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Foraging Toys and Treats – Keeping Pet Birds Active and Interested

Wild birds spend the vast majority of most days occupied with gathering food.  In captivity, where all their nutritional needs are usually met in a matter of minutes, boredom and a general decline in vitality are constant concerns.  While well-recognized in parrots, these same considerations apply to canaries and other finches, quails, softbills and all other pet birds.

Foraging Toys

A wide variety of bird toys is available to assist in Foraging Toykeeping our avian friends occupied.  Among the most useful are those that, provisioned with food, encourage birds to work at obtaining snacks.  Known as “foraging toys”, these are based on behavioral principles long applied by professional aviculturists.  In my opinion, they qualify more as “health aids” than toys.

I also highly recommended our line of natural bird toys; these must be shredded and otherwise physically manipulated before the bird can retrieve the food hidden within.  In addition to mentally and physically stimulating your pets, they will help to keep beaks in good condition and to sharpen motor skills and reflexes.

Natural Foods

Foods provided in their natural form will also encourage birds to utilize foraging skills.  Particularly useful in this regard are millet sprays, sprouting greens and whole fruits.

Monk ParakeetLive insects are unbeatable in arousing the interest of finches, white-eyes and most softbills.  By allowing mealworms or waxworms to burrow into a pan of sand or oatmeal, you can keep you pets happily hunting for hours.  Crickets are even better, especially if you stock the cage bottom with empty paper towel rolls in which the insects can hide.  Plastic wrap wound around the lower 2 inches of the cage bars will help contain any crickets that escape your pet’s notice.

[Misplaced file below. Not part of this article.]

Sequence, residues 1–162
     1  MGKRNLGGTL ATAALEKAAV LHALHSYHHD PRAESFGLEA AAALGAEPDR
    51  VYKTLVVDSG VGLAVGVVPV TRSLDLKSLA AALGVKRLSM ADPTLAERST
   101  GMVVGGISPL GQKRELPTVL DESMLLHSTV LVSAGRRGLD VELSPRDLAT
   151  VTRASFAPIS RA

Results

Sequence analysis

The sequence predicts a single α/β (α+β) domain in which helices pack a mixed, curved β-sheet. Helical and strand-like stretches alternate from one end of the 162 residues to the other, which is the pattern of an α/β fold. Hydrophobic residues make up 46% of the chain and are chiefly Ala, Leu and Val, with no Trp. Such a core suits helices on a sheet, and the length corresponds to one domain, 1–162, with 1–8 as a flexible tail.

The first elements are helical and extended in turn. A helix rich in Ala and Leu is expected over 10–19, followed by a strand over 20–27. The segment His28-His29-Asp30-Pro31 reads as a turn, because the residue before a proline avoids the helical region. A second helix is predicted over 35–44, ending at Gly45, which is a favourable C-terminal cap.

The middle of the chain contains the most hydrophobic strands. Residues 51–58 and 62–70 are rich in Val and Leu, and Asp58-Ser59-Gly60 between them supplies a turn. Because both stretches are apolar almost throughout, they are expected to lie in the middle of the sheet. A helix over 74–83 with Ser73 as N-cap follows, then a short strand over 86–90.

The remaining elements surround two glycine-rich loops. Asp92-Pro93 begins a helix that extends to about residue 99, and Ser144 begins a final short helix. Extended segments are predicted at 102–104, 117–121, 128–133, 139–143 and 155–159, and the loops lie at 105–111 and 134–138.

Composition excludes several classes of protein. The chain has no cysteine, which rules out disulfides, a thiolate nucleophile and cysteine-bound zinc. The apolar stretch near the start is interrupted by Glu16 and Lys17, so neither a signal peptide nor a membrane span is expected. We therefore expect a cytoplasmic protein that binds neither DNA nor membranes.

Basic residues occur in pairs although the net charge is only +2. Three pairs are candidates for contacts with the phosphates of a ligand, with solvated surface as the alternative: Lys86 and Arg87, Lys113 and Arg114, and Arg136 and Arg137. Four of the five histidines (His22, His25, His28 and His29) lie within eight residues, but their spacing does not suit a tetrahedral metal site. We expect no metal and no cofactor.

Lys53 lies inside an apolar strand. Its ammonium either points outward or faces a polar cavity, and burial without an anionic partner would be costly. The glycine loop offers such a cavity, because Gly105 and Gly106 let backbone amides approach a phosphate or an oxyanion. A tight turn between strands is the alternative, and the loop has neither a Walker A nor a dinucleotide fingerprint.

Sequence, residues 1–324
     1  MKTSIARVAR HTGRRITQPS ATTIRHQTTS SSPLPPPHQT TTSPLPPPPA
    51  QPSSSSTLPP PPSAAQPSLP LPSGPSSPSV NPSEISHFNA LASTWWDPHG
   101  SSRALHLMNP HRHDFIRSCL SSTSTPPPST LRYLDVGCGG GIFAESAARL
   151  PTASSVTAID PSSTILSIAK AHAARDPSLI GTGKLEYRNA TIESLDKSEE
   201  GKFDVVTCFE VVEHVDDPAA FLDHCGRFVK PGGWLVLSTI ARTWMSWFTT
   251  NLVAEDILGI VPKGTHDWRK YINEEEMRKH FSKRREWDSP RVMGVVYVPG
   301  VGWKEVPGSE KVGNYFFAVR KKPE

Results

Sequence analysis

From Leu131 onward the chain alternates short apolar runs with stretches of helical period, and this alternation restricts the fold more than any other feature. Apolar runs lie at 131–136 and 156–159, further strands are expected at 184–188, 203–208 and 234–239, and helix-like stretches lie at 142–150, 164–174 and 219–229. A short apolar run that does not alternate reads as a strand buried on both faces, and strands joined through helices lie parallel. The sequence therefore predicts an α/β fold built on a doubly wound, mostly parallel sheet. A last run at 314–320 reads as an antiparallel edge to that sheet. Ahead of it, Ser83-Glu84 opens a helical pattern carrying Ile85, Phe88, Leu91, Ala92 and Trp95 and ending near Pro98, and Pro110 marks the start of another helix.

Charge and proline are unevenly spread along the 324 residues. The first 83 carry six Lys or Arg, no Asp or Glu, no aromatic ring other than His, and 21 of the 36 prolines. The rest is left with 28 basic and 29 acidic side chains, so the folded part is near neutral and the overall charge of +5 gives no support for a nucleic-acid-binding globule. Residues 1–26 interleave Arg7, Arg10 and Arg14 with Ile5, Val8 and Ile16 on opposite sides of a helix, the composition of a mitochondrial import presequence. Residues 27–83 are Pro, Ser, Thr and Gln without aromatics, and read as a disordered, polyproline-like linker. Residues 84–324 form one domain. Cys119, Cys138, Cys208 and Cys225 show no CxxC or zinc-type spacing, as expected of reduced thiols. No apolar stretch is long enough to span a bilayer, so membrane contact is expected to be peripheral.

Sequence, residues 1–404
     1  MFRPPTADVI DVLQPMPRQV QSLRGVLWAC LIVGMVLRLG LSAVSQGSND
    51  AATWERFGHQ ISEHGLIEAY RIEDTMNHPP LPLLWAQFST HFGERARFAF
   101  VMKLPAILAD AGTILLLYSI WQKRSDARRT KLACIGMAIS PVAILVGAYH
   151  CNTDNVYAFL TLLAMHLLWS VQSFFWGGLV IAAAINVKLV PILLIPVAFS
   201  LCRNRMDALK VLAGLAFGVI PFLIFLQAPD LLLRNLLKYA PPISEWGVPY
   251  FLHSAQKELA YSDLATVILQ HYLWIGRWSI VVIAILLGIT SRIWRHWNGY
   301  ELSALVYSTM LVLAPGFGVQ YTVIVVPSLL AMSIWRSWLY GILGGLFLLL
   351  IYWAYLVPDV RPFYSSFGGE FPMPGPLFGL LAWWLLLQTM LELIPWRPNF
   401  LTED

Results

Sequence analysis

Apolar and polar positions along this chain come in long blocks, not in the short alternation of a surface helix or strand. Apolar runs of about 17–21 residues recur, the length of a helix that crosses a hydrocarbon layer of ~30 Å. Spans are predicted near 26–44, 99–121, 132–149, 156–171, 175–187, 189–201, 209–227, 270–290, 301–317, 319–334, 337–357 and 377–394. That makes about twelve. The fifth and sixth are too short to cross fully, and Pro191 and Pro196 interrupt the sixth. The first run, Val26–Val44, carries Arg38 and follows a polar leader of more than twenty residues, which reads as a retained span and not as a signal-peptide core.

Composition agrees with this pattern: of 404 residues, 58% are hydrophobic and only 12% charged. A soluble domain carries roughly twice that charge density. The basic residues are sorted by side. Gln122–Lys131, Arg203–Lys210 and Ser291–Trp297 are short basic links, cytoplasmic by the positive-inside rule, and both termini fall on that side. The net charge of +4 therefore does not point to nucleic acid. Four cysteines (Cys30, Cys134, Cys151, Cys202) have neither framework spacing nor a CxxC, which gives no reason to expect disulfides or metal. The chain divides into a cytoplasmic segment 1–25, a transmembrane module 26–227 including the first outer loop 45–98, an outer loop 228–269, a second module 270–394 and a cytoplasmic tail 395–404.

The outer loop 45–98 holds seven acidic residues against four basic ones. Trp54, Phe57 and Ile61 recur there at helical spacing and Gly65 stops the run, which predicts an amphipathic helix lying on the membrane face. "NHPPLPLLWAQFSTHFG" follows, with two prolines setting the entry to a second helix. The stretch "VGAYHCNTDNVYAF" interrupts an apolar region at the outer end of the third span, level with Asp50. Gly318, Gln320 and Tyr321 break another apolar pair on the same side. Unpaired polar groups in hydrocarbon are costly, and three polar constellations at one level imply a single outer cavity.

Hiding canned insects and other treats about the cage will encourage exploration and an interest in the environment in general. 


An outdoor aviary is, in and of itself, a giant foraging “toy.  Birds kept outdoors, even for part of the year, invariably become more alert and active – catching insects, sampling growing plants and just watching what is happening all around them.

Further Reading

To read more about other means of adding to your birds’ quality of life, please see my articles Behavioral Enrichment for Parrots and Finches Use Parrot Toys Too!


Monk Parakeet image referenced from wikipedia and originally posted by snowmanradio

About Frank Indiviglio

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I believe that I was born with an intense interest in animals, as neither I nor any of my family can recall a time when I was not fascinated by creatures large and small. One might imagine this to be an unfortunate set of circumstances for a person born and raised in the Bronx, but, in actuality, quite the opposite was true. Most importantly, my family encouraged both my interest and the extensive menagerie that sprung from it. My mother and grandmother somehow found ways to cope with the skunks, flying squirrels, octopus, caimans and countless other odd creatures that routinely arrived un-announced at our front door. Assisting in hand-feeding hatchling praying mantises and in eradicating hoards of mosquitoes (I once thought I had discovered “fresh-water brine shrimp” and stocked my tanks with thousands of mosquito larvae!) became second nature to them. My mother went on to become a serious naturalist, and has helped thousands learn about wildlife in her 16 years as a volunteer at the Bronx Zoo. My grandfather actively conspired in my zoo-buildings efforts, regularly appearing with chipmunks, boa constrictors, turtles rescued from the Fulton Fish Market and, especially, unusual marine creatures. It was his passion for seahorses that led me to write a book about them years later. Thank you very much, for a complete biography of my experience click here.
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